, Volume 69, Issue 4, pp 577–588 | Cite as

Altitudinal variation in stomatal conductance, nitrogen content and leaf anatomy in different plant life forms in New Zealand

  • Ch. Körner
  • P. Bannister
  • A. F. Mark
Original Papers


This study is part of a series of investigations on the influence of altitude on structure and function of plant leaves. Unlike most other mountain areas, the Southern Alps of New Zealand provide localities where physiologically effective moisture stress occurs neither at high nor at low elevation, but the changes in temperature and radiation with elevation are similar or even steeper than in most other regions. In comparison with results from other mountains, where moisture may impair plant functioning at low elevation, this study allows an estimation of the relative role of water for the expression of various leaf features typically associated with alpine plants. Maximum leaf diffusive conductance (g), leaf nitrogen content (LN), stomatal density (n) and distribution, as well as area (A), thickness (d) and specific area (SLA) of leaves were studied. Three different plant life forms were investigated over their full altitudinal range (m): trees, represented by Nothofagus menziesii (1,200 m), ericaceous dwarf shrubs (1,700 m), and herbaceous plants of the genus Ranunculus (2,500 m). In all three life forms g, LN, and n increased, while SLA and A decreased with elevation. Recent investigations have found similar trends in other mountains from the temperate zone, but the changes are larger in New Zealand than elsewhere. Herbs show the greatest differences, followed by shrubs and then trees.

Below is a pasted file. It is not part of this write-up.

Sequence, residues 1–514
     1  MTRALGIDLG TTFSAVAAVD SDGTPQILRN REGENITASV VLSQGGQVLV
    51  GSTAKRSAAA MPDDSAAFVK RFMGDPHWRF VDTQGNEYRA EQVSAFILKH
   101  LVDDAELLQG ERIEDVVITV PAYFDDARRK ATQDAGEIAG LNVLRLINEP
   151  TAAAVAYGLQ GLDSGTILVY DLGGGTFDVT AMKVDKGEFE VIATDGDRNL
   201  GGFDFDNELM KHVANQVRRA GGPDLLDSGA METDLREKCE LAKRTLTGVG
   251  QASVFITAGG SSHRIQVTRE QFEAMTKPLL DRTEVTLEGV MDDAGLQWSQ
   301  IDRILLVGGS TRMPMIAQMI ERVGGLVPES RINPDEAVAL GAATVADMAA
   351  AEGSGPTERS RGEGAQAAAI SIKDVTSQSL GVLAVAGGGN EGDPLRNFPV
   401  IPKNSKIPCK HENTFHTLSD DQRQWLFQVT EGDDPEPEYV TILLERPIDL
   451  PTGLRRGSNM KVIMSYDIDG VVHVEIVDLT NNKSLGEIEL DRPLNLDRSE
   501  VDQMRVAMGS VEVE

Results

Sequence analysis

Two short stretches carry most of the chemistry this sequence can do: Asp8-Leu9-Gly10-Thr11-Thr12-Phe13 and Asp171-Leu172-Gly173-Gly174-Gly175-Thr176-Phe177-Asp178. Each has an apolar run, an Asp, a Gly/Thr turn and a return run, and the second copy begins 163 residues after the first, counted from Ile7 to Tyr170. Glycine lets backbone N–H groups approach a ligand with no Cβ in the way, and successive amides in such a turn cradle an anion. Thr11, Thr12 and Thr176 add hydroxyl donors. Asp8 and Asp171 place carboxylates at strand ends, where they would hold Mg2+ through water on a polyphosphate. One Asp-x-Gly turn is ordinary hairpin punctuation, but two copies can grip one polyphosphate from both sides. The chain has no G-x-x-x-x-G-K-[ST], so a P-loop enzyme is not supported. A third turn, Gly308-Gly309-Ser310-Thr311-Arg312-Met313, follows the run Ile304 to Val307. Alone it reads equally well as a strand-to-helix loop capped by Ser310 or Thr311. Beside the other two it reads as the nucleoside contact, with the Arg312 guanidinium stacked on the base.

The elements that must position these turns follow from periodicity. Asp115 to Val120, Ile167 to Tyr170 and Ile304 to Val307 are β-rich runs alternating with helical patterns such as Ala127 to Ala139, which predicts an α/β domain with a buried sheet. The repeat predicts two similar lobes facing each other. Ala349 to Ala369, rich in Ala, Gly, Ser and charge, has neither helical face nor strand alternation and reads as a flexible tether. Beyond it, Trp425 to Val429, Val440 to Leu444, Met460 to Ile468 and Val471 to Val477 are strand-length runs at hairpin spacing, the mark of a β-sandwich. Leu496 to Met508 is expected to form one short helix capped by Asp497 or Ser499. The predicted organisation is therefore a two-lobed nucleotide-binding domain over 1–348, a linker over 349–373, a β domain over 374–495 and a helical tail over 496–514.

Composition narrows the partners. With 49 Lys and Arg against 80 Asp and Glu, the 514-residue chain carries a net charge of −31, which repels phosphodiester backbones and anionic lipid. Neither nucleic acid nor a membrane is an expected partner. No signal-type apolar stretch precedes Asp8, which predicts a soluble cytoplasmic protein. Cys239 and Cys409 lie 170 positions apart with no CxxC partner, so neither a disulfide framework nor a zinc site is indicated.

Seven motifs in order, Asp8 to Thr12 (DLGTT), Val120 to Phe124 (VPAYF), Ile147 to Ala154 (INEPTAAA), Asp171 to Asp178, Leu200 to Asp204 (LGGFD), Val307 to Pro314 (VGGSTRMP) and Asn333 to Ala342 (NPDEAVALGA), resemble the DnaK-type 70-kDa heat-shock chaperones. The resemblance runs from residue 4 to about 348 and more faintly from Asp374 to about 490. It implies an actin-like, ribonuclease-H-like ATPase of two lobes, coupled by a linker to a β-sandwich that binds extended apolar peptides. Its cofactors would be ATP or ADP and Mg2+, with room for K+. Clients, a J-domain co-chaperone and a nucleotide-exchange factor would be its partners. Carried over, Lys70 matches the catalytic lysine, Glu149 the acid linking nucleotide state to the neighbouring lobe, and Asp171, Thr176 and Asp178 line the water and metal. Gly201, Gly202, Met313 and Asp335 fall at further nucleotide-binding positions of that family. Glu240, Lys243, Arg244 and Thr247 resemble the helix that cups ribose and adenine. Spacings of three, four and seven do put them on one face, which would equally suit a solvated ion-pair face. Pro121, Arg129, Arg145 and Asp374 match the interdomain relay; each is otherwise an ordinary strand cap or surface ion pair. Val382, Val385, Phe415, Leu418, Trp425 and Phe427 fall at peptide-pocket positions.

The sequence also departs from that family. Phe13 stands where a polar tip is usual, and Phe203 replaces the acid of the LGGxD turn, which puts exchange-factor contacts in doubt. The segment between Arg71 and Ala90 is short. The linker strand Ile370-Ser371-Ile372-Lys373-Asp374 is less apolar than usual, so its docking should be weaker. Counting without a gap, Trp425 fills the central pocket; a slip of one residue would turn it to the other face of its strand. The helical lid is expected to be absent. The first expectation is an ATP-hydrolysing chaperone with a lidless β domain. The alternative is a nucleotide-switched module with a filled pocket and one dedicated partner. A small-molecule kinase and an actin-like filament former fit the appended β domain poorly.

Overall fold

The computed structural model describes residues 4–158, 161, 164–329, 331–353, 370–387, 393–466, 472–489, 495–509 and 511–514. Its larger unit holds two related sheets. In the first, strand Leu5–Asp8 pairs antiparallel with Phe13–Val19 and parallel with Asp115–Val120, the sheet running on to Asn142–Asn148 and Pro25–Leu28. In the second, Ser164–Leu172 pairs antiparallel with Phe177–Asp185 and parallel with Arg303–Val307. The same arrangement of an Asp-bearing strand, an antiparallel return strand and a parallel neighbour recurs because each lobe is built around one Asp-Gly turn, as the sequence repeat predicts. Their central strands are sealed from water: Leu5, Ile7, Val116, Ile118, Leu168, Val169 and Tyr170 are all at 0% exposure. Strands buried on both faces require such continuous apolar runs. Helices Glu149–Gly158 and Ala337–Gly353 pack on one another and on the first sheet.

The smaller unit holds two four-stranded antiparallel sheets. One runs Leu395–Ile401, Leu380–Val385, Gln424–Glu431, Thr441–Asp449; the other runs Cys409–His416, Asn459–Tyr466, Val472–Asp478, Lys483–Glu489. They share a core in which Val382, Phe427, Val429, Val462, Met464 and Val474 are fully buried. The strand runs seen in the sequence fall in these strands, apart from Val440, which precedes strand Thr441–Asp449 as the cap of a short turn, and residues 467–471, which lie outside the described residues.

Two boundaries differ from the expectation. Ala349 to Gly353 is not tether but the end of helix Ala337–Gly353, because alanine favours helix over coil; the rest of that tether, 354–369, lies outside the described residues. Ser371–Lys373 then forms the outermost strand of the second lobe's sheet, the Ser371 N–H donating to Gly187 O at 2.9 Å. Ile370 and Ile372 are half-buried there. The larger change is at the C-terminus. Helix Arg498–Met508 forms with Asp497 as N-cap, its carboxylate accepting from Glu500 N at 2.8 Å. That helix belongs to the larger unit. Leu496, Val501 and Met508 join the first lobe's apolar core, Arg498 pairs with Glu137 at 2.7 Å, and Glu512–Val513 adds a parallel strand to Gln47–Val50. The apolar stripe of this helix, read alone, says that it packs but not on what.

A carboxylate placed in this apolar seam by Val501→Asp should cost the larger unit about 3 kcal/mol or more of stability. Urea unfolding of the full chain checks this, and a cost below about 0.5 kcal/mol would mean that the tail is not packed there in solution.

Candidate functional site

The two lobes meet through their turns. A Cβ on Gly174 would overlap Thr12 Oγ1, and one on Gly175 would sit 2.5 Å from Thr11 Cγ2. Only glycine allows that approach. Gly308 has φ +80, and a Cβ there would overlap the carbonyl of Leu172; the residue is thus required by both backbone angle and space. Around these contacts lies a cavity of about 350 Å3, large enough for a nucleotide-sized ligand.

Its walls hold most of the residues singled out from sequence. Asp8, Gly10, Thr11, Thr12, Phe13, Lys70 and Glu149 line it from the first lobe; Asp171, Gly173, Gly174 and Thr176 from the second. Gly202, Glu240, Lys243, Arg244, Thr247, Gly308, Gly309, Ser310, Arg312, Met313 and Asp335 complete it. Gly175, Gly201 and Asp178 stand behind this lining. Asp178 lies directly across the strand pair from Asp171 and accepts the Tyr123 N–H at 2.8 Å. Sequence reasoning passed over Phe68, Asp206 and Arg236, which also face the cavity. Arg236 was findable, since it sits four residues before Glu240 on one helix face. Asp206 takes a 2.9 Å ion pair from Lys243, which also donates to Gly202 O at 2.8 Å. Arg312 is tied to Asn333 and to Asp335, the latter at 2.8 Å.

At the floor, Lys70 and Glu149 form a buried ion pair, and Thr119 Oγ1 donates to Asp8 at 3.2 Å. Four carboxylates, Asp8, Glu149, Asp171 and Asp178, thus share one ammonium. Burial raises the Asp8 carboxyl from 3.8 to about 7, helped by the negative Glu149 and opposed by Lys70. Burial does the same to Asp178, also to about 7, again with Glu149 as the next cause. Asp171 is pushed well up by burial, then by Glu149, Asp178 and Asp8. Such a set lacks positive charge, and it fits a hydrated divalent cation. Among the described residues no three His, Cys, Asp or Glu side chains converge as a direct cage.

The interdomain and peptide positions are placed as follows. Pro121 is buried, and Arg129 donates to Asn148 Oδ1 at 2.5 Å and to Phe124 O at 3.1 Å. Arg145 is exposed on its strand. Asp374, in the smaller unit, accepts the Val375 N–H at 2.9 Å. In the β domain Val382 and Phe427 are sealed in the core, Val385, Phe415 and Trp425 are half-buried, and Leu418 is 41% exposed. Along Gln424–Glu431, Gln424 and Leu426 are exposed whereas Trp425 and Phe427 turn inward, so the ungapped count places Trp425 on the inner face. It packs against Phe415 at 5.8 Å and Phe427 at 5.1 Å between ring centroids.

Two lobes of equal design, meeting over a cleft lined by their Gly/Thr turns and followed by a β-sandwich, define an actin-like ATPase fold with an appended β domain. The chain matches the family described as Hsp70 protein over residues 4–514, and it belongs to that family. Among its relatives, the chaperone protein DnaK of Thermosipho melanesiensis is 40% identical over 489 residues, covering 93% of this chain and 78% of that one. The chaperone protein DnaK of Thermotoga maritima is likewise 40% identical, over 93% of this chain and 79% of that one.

It is concluded that g is dependent upon light climate rather than water supply, whereas SLA and related structural features appear to be controlled by the temperature regime, as they show similar altitudinal changes under different light and moisture gradients. The higher leaf nitrogen content found at high elevations in all three life forms, suggests that metabolic activity of mature leaves is not restricted by low nitrogen supply at high altitude. In general, the leaves of herbaceous plants show more pronounced structural and functional changes with altitude than the leaves of shrubs and trees.


Stomatal Conductance Herbaceous Plant Dwarf Shrub Stomatal Density Leaf Nitrogen 
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Copyright information

© Springer-Verlag 1986

Authors and Affiliations

  • Ch. Körner
    • 1
  • P. Bannister
    • 2
  • A. F. Mark
    • 2
  1. 1.Institut für BotanikUniversität InnsbruckInnsbruckAustria
  2. 2.Department of BotanyUniversity of OtagoDunedinNew Zealand

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